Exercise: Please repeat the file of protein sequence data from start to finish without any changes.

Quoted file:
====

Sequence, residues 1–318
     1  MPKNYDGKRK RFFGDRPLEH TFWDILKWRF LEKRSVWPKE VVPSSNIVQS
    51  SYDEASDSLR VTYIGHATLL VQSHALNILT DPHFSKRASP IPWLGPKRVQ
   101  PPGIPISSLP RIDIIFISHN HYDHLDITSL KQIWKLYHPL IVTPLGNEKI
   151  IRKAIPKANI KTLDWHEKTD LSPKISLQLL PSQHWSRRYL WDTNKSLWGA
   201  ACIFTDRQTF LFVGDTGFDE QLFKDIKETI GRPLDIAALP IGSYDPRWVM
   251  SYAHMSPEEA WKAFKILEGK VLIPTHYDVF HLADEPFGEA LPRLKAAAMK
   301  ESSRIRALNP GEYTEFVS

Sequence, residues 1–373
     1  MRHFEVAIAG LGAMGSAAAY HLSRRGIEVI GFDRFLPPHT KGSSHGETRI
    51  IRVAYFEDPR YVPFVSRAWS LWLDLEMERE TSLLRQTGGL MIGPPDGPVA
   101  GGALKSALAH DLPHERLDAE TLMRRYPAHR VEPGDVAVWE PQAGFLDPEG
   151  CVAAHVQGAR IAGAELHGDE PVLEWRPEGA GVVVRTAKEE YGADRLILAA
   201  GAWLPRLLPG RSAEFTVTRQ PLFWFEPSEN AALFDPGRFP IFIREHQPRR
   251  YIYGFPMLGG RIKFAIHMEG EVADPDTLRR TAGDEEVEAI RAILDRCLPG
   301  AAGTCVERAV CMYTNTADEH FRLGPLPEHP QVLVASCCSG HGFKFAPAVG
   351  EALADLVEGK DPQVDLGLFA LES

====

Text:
Sequence, residues 1–318
     1  MPKNYDGKRK RFFGDRPLEH TFWDILKWRF LEKRSVWPKE VVPSSNIVQS
    51  SYDEASDSLR VTYIGHATLL VQSHALNILT DPHFSKRASP IPWLGPKRVQ
   101  PPGIPISSLP RIDIIFISHN HYDHLDITSL KQIWKLYHPL IVTPLGNEKI
   151  IRKAIPKANI KTLDWHEKTD LSPKISLQLL PSQHWSRRYL WDTNKSLWGA
   201  ACIFTDRQTF LFVGDTGFDE QLFKDIKETI GRPLDIAALP IGSYDPRWVM
   251  SYAHMSPEEA WKAFKILEGK VLIPTHYDVF HLADEPFGEA LPRLKAAAMK
   301  ESSRIRALNP GEYTEFVS

Sequence, residues 1–373
     1  MRHFEVAIAG LGAMGSAAAY HLSRRGIEVI GFDRFLPPHT KGSSHGETRI
    51  IRVAYFEDPR YVPFVSRAWS LWLDLEMERE TSLLRQTGGL MIGPPDGPVA
   101  GGALKSALAH DLPHERLDAE TLMRRYPAHR VEPGDVAVWE PQAGFLDPEG
   151  CVAAHVQGAR IAGAELHGDE PVLEWRPEGA GVVVRTAKEE YGADRLILAA
   201  GAWLPRLLPG RSAEFTVTRQ PLFWFEPSEN AALFDPGRFP IFIREHQPRR
   251  YIYGFPMLGG RIKFAIHMEG EVADPDTLRR TAGDEEVEAI RAILDRCLPG
   301  AAGTCVERAV CMYTNTADEH FRLGPLPEHP QVLVASCCSG HGFKFAPAVG
   351  EALADLVEGK DPQVDLGLFA LES